Denio, Nevada is as close as you can get to nowhere. I know, I’ve been there.
It’s a long road trip. Highway 140 winds its way east from Medford, Oregon over the Cascade Mountains and across the unending emptiness of eastern Oregon. Hours later, after leaving the civilization’s frontier at Lakeview, you drive for miles without passing anything but scrub junipers and sagebrush, with perhaps a fleeting glimpse of an antelope. It’s a vast vacant world of forever skies and boundless vistas.
It’s a world I love. A place my soul calls home.
(Yes, this post is about to become much longer than recent writings. The fingers of my left hand, now freed from a cumbersome plaster cast, are dripping with words. I can type with two hands again!)
Eventually, Highway 140 drops down into Nevada and slips, barely noticed, through desert flatlands, past craggy basalt ridges, and around alkaline lake beds until it bumps into a small dot on a road map.
You have arrived in Denio.
There’s not much here, likely even less than when I last visited a dozen years ago. At that time, the most notable sign of civilization was a roadstop restaurant/bar/gas station. This is where I began my search for Denio Hot Springs. But, back to that later.
After Denio, the highway goes on, a thin line shooting straight into a shimmering, infinite landscape. Speeding mindlessly through this mirage, windows wide open to the rush of baked desert air, the mind is sucked clean by space so big that mere thoughts cannot cling to consciousness.
This is a journey that confronts denial head on. This is where falsehoods are stripped away and only the bare roots of truth remain. This is a road I’ve needed to travel many times, choosing this lonely highway when I’ve felt my head filled with conflicts created by fear, loss, and spiritual conflict.
This is a trip I need to take again because denial is biting me in the butt.
Every day I deny the reality of my wife’s dementia. It can’t be true, it’s not happening, it will go away. But, then, she’ll do something, say something, that makes it painfully obvious that the disease is here and here to stay.
So I’m back on the road, traveling in my mind to Denio, Nevada, letting the mental crap that I’ve allowed to clutter up my head slowly fall away, letting the pure essence of truth light up the dark corners of my soul. And I find myself streaking through the timeless Universe of being enveloped by a sense of deep peace.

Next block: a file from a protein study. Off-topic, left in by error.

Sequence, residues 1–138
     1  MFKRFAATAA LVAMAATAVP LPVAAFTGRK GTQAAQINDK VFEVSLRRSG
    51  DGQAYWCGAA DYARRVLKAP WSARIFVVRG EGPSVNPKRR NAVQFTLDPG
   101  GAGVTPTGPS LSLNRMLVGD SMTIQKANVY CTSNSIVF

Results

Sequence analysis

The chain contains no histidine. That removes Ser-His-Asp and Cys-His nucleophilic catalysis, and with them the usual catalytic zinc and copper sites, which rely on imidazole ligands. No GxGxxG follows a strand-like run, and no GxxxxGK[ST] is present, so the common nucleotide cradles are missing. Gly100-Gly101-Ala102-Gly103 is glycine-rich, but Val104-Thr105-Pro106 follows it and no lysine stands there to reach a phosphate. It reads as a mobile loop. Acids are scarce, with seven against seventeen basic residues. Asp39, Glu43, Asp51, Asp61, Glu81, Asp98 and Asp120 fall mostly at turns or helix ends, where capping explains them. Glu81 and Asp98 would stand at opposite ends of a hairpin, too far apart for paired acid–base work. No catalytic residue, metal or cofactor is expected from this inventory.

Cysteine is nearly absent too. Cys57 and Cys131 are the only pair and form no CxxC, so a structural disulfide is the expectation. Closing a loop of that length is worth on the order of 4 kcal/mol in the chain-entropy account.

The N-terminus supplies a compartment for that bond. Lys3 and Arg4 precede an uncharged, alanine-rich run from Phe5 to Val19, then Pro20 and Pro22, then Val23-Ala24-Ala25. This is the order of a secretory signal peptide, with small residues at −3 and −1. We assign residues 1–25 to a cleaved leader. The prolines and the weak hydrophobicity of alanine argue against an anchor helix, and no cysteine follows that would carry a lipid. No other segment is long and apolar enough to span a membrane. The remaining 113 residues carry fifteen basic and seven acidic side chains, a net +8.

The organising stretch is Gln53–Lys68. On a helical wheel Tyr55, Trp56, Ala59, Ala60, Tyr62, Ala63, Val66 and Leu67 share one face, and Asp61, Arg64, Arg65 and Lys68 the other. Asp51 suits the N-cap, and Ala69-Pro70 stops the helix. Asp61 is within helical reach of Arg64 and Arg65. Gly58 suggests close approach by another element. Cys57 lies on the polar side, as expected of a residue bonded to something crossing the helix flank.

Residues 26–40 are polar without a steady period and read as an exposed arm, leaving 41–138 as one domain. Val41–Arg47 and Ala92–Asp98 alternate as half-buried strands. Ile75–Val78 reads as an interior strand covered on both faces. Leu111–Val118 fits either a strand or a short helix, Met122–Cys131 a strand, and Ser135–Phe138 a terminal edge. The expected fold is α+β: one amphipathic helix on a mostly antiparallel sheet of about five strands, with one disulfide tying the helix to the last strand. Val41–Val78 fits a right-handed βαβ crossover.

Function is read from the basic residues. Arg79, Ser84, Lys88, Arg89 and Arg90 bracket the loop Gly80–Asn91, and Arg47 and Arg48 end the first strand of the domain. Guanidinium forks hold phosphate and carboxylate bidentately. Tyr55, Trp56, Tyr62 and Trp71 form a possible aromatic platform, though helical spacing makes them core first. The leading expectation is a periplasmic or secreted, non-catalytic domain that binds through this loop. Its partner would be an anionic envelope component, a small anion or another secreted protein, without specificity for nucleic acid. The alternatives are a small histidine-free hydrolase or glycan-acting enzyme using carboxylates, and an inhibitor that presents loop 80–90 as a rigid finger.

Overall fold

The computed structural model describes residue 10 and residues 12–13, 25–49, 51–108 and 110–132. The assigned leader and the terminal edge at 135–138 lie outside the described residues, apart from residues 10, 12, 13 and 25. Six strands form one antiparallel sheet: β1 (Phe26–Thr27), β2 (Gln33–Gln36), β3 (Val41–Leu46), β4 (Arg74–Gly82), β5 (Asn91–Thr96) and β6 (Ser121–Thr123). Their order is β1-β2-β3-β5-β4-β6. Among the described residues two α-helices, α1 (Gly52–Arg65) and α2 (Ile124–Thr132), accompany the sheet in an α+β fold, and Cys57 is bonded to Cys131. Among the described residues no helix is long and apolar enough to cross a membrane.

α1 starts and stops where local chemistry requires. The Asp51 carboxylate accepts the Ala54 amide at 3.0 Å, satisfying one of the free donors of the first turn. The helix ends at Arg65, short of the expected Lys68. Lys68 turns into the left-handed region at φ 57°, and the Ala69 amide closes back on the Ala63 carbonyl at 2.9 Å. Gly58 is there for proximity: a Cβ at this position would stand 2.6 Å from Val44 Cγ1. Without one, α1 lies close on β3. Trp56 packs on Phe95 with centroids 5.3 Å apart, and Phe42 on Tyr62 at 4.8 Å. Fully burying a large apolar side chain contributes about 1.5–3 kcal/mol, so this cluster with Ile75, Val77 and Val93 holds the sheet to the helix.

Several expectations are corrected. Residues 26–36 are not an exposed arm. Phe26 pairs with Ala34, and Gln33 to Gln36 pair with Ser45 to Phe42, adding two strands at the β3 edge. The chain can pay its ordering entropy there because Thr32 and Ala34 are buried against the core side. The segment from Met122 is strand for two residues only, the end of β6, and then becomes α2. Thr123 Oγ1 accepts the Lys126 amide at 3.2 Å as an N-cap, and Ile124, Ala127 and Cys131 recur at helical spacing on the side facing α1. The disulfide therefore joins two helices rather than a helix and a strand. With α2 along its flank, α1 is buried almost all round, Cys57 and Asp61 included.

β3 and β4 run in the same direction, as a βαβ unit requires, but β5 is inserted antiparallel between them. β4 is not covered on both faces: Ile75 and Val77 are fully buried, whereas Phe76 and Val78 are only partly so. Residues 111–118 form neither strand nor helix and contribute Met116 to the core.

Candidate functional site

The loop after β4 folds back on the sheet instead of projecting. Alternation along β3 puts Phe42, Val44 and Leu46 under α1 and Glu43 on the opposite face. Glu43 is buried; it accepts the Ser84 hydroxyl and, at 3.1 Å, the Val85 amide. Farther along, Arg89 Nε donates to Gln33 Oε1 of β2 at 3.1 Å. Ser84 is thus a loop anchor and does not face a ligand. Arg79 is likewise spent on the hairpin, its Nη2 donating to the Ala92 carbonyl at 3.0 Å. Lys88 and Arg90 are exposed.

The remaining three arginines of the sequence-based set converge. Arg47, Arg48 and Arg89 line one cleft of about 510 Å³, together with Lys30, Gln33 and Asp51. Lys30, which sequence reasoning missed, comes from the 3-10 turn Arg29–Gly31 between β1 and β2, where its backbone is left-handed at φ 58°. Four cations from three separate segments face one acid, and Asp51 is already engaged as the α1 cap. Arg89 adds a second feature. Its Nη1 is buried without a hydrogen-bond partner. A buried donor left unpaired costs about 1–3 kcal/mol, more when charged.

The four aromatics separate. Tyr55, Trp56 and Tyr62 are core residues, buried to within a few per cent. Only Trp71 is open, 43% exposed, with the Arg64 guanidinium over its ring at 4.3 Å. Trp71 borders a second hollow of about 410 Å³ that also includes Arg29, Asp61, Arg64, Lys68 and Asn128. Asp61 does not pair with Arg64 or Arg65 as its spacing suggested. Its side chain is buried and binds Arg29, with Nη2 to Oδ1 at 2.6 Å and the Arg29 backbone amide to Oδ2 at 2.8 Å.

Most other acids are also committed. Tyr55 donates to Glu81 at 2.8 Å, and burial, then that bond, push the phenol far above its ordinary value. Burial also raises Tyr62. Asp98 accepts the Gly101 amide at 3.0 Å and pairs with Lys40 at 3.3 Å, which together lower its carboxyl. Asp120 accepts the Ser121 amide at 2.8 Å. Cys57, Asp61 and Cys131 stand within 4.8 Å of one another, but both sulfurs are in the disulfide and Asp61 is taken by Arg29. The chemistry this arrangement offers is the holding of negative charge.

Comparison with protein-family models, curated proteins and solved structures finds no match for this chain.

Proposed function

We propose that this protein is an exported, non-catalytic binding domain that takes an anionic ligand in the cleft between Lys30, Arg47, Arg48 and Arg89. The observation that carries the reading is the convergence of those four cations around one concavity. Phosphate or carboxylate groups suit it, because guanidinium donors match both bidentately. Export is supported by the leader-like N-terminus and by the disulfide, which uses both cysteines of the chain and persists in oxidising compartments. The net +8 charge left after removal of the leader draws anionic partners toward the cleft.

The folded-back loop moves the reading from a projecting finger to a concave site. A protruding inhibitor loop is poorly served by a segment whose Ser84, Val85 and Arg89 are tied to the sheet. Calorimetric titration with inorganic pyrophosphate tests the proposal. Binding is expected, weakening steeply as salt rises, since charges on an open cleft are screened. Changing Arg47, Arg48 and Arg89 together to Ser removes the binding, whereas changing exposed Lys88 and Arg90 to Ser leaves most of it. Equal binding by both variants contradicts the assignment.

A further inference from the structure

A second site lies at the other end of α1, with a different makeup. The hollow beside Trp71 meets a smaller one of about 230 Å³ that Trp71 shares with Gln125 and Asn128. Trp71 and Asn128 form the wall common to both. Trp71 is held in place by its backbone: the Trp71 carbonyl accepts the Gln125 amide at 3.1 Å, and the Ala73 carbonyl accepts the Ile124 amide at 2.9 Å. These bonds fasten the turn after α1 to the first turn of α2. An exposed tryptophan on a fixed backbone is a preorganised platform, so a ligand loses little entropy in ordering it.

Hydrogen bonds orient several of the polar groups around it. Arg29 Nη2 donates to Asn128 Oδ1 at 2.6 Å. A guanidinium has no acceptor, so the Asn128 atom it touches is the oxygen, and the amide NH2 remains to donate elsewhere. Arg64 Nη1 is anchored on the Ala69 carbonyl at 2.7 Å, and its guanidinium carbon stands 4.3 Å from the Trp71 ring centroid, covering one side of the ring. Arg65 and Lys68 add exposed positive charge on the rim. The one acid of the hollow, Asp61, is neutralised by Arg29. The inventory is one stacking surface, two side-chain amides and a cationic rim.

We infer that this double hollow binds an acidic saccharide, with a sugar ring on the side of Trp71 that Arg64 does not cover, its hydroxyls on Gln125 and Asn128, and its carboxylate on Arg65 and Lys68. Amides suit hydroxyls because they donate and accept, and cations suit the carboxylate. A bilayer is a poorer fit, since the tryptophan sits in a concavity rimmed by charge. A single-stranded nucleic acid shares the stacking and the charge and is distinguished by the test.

The road from nowhere returns to somewhere when it sneaks back, through scattered alien mobile home sites and derelict car bodies, into Winnemucca, Nevada, and I re-enter the human world cleansed and whole again.
There is a hot springs near Denio, known to the locals but a well kept secret. I bought a lot of beer at the Denio Bar, listened to a lot of stories, before an old timer’s lips loosened up to share the spring’s whereabouts. Guided by word of mouth, I set out to find my Shangri-La.
Thirteen miles to the unmarked turnoff, past the rocky cliff that nearly fell into the road, leaving the pavement and out into the desert trailing a rising cloud of billowing dust. The barbed wire fence ended and I entered the open range, searching for the next marker, a small trail to the left. bumping over a cattle guard, twisting around clumps of sagebrush, finally braking at a pool of quiet water with a cloud of white mist floating over it.
Denio hot springs is an oddity. Most such springs are laced with the smell of acrid sulphur, but not here. These steaming waters spring out of the desert and wander for several miles until the waters drop into a hole that someone, years back, carved out with a backhoe. There’s even a section of concrete culvert pipe that was put in place to create a waterfall, the most amazing shower I’ve ever known.
This is Nature’s ultimate hot tub, the idyllic combination of warm water serenity engulfed by infinity in every direction.
I remember the moment when, on a crisp, cloudless October morning, I stepped naked into that pool and slowly immersed myself in the warmth of Mother Earth’s womb, lost in the wonder of being nothing in the middle of nowhere.
It was then that I saw the spider, an arms length away, motionless on silky strands hidden in the shadows of the pool’s walls. A black widow with the telltale crimson dot on its abdomen, waiting, patiently, for another life to touch its web.
We are never alone.
Often, when today’s realities overwhelm me, when I’m tempted to hide in the darkness of denial, I take my mind back to Denio Hot Springs, feel the sage perfumed air fill my lungs and let the boundless expanse of desert free my soul.
Then, as happened so many years ago, I climb out of that enchanted pool, that blissful memory, dress, and get back on the road again.
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